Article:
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Protecting our harbors and ships with a robotic tuna fish

Date:
September 19, 2012
Source:
Homeland Security's Science & Technology Directorate
Summary:
For constricted and hard-to-reach underwater places where inspection and security is necessary, Homeland Security's BIOSwimmer is the perfect fish.

BIOSwimmer™ and its inspiration. The tuna has a natural body framework ideal for unmanned underwater vehicles (UUVs), solving some of the propulsion and maneuverability problems that plague conventional UUVs. BIOSwimmer™ is a UUV inspired by the tuna and designed for high maneuverability in harsh environments, with a flexible aft section and appropriately placed sets of pectoral and other fins.
Credit: Composite image by Jane Baker, DHS S&T

No question about it… they're very good at what they do. But they don't take well to orders, especially those to carry out inspection work in oily or dangerous environments, or in any kind of harsh environment, for that matter. Still, they're one of the fastest and most maneuverable creatures on the planet, having extraordinary abilities at both high and low speeds due to their streamlined bodies and a finely tuned muscular/sensory/control system.

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This impressive creature is the humble tuna fish.

The Department of Homeland Security's (DHS) Science and Technology Directorate (S&T) is funding the development of an unmanned underwater vehicle designed to resemble a tuna, called the BIOSwimmer™. Why the tuna? Because the tuna has a natural body framework ideal for unmanned underwater vehicles (UUVs), solving some of the propulsion and maneuverability problems that plague conventional UUVs.

Inspired by the real tuna, BIOSwimmer™ is a UUV designed for high maneuverability in harsh environments, with a flexible aft section and appropriately placed sets of pectoral and other fins. For those cluttered and hard-to-reach underwater places where inspection is necessary, the tuna-inspired frame is an optimal design. It can inspect the interior voids of ships such as flooded bilges and tanks, and hard to reach external areas such as steerage, propulsion and sea chests. It can also inspect and protect harbors and piers, perform area searches and carry out other security missions.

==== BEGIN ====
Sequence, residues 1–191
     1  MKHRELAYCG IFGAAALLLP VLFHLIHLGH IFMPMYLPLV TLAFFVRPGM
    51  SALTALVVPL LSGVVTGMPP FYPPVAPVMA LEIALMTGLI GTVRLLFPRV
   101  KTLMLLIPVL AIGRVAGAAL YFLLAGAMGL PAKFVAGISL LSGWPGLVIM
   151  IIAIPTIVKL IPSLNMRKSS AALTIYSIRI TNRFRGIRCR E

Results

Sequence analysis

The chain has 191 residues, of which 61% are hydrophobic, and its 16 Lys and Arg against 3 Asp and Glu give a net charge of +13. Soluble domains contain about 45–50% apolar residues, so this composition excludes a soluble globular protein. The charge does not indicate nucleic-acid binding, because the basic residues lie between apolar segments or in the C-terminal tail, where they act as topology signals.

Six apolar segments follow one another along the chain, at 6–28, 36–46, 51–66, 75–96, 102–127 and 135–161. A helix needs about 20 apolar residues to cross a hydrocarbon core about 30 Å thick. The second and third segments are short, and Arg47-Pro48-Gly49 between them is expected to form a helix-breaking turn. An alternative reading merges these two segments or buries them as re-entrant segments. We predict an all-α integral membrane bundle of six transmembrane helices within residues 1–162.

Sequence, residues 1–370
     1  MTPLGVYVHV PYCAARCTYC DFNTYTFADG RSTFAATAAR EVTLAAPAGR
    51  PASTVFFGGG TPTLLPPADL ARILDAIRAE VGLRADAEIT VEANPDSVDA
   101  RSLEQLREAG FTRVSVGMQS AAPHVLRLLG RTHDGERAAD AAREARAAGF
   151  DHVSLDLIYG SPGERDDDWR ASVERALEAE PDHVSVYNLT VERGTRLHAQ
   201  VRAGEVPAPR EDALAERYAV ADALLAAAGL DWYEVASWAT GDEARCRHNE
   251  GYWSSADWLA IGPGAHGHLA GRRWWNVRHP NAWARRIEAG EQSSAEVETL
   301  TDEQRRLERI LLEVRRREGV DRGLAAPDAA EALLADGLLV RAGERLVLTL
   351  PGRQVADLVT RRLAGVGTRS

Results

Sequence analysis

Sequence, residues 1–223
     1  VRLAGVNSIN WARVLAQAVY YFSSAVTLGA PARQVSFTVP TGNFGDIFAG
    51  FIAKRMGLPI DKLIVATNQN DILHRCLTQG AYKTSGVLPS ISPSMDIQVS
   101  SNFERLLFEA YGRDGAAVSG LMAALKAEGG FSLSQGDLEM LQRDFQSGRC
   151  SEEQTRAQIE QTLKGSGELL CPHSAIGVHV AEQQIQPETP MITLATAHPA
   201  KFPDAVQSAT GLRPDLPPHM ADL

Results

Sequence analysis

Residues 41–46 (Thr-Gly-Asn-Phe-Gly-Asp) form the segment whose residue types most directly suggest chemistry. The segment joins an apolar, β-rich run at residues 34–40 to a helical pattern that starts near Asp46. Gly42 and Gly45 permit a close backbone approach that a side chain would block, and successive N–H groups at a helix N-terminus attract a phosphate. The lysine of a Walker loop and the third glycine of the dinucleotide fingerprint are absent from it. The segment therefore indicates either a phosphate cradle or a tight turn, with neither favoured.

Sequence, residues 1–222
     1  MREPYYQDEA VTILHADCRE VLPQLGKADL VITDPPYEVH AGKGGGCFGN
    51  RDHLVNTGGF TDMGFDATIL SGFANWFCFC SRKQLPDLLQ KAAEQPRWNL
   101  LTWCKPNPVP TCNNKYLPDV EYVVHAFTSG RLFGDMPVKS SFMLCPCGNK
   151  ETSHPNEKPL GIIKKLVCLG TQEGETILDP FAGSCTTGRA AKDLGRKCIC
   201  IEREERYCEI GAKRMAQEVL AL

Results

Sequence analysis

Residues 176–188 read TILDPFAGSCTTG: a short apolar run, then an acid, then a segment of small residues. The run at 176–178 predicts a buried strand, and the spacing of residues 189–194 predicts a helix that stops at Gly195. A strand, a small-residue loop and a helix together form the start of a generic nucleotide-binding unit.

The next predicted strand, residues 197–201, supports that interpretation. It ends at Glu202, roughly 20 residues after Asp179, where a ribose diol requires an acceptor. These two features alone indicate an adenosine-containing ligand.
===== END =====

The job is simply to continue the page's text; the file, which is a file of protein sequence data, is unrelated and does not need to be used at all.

Boston Engineering Corporation's Advanced Systems Group (ASG) in Waltham, Massachusetts, is developing the BIOSwimmer™ for Homeland Security's Science and Technology Directorate. "It's designed to support a variety of tactical missions and with its interchangeable sensor payloads and reconfigurable Operator Controls, and can be optimized on a per-mission basis," says the Director of ASG, Mike Rufo.

BIOSwimmer™ is battery-powered and designed for long-duration operation. Like other unmanned underwater vehicles, it uses an onboard computer suite for navigation, sensor processing, and communications. Its Operator Control Unit is laptop-based and provides intuitive control and simple, mission-defined versatility for the user. A unique aspect of this system is the internal components and external sensing which are designed for the challenging environment of constricted spaces and high viscosity fluids

"It's all about distilling the science," says David Taylor, program manager for the BIOSwimmer™ in S&T's Borders and Maritime Security Division. "It's called 'biomimetics.' We're using nature as a basis for design and engineering a system that works exceedingly well.

Tuna have had millions of years to develop their ability to move in the water with astounding efficiency. Hopefully we won't take that long."

Background

Biologically inspired robotics (biomimetic robotry) is a fairly new science that is gaining steam. There are now robotic lobsters, flies, geckos, moths, clams, dogs, and even a lamprey-like robot, all being designed to perform a variety of missions including surveillance and search and rescue. Robotics based on sinuous snakes and elephant trunks, for example, may be the ideal way to search for survivors inside the rubble of structures destroyed by explosions or natural disasters.


Story Source:

The above story is based on materials provided by Homeland Security's Science & Technology Directorate. Note: Materials may be edited for content and length.


Cite This Page:

Homeland Security's Science & Technology Directorate. "Protecting our harbors and ships with a robotic tuna fish." ScienceDaily. ScienceDaily, 19 September 2012. <www.sciencedaily.com/releases/2012/09/120919190102.htm>.
Homeland Security's Science & Technology Directorate. (2012, September 19). Protecting our harbors and ships with a robotic tuna fish. ScienceDaily. Retrieved December 22, 2014 from www.sciencedaily.com/releases/2012/09/120919190102.htm
Homeland Security's Science & Technology Directorate. "Protecting our harbors and ships with a robotic tuna fish." ScienceDaily. www.sciencedaily.com/releases/2012/09/120919190102.htm (accessed December 22, 2014).

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